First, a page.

Today In Science History – November 10 – Del Rio and Vanadium


Andrés Manuel Del Rio

Andrés Manuel Del Rio (1764 – 1849)

November 10th is Andrés Manuel Del Rio’s birthday. Del Rio was a Spanish mineralogist who discovered the element vanadium — the first time. He isolated several salts from a mineral known as “brown lead” (called vanadite today) that appeared to be a new element. He noted his salts had similar colors to the salts of chromium, so he named his element panchromium. He renamed it erythronium after he discovered the salts all turned red when heated.

He sent samples of his salts back to Europe but his claim was disputed by French chemist, Collett-Desotils who claimed the element was an impure chromium sample. Del Rio decided he must have been incorrect and withdrew his claim. In another 30 years, Swedish chemist Nils Gabriel Sefström would rediscover Del Rio’s erythronium. He named it vanadium, after the Norse goddess of beauty and fertility, Vanadis.

Notable Science History Events for November 10

1918 – Ernst Otto Fischer was born.

Fischer was a German chemist who shares the 1973 Nobel Prize in Chemistry with Geoffrey Wilkinson for their independent pioneering work with organometallic compounds. He worked on compounds with transition metal complexes and catalysts to hydrogenate alkenes into alkanes. He also identified the structure of the sandwich compound, ferrocene.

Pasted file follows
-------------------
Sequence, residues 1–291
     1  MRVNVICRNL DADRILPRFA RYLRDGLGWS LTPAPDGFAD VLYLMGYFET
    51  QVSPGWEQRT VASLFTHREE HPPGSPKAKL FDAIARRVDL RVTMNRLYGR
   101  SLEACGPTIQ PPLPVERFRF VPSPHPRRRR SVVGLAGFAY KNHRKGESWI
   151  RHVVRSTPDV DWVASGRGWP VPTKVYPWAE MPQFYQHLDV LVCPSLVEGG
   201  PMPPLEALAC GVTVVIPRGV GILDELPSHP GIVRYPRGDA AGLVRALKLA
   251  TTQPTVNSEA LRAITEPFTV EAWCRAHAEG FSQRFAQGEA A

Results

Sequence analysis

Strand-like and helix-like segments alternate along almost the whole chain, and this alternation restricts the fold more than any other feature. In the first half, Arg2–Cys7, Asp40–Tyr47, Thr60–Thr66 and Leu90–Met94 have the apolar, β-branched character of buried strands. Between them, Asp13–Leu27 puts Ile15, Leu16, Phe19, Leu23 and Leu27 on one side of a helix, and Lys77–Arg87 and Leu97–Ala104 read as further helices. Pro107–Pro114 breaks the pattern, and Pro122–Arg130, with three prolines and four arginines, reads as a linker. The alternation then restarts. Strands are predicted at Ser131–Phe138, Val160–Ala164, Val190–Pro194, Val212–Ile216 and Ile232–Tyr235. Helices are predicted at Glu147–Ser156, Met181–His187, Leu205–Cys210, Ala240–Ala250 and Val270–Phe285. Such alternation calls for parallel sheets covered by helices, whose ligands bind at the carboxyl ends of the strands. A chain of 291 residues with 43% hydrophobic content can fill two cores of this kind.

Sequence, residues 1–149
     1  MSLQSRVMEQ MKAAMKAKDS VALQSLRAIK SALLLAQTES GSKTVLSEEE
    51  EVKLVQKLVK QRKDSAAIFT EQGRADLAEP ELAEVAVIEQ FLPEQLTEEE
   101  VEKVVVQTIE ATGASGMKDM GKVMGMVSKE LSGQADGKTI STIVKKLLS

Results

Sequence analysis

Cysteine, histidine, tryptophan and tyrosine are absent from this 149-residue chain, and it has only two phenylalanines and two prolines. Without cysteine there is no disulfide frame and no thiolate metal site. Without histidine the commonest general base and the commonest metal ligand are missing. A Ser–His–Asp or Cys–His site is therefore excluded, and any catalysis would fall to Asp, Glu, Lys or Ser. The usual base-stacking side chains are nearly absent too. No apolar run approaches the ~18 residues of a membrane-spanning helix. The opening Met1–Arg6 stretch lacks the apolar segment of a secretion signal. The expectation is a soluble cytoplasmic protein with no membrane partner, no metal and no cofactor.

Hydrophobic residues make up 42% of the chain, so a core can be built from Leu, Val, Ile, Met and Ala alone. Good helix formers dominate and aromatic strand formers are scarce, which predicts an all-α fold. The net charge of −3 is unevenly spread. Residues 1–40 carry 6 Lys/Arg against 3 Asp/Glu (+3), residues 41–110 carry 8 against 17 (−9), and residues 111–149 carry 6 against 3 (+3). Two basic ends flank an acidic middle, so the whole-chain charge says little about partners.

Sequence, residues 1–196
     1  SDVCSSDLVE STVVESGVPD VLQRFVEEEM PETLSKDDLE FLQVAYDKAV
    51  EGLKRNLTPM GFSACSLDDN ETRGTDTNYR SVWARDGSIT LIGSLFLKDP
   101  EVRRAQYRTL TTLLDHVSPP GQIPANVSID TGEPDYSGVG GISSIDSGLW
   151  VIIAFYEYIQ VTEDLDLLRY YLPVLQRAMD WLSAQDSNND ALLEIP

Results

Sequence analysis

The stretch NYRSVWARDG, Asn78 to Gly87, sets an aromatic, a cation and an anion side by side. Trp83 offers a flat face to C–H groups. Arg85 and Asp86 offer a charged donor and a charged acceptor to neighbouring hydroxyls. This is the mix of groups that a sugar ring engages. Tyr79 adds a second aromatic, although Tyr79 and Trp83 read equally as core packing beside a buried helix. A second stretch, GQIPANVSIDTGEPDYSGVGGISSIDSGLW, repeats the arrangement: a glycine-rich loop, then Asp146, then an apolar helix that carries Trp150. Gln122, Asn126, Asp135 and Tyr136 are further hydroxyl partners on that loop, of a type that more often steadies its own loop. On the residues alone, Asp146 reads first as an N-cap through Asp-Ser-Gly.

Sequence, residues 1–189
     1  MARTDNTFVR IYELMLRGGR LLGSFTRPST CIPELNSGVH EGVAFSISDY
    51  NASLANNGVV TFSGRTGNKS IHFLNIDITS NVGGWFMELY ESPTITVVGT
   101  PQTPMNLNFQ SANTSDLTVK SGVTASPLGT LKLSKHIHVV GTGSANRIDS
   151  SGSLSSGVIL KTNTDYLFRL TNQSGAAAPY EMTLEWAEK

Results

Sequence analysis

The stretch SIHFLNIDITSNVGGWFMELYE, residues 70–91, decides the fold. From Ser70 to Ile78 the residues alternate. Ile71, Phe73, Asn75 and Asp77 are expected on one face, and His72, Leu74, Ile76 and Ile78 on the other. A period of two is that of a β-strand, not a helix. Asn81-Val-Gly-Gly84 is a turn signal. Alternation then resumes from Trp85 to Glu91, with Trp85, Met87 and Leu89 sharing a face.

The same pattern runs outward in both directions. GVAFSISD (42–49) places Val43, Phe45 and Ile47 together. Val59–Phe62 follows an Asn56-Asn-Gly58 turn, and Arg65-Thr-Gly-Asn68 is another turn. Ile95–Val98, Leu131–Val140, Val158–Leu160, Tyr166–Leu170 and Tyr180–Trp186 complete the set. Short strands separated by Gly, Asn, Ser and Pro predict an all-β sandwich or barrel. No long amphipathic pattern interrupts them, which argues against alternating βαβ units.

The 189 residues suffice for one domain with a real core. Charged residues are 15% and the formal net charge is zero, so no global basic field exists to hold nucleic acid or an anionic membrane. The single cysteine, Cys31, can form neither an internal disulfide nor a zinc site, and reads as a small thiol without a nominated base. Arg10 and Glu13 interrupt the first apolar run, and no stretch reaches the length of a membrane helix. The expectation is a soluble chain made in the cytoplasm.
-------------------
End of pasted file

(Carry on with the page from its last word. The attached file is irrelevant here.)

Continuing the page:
1861 – Robert T. A. Innes was born.

Robert Thorburn Ayton Innes

Robert Thorburn Ayton Innes (1861 – 1933)

Innes was a Scottish astronomer who discovered Proxima Centauri, the star closest to Earth. Over the course of his career, he discovered 1600 double star systems. He also converted a Johannesburg, South Africa meteorological station into the astronomical observatory known as Union Observatory.

1799 – Joseph Black died.

Joseph Black

Joseph Black (1728 – 1799). William Ramsay/The Gases of the Atmosphere 1896

Black was a Scottish chemist who was one of the founders of thermochemistry. He discovered that when ice melts, the temperature does not change leading to the idea of specific or latent heat. He also researched carbon dioxide or what he called ‘fixed air’. This research led to the discovery of bicarbonates.

1764 – Andrés Manuel Del Rio was born.

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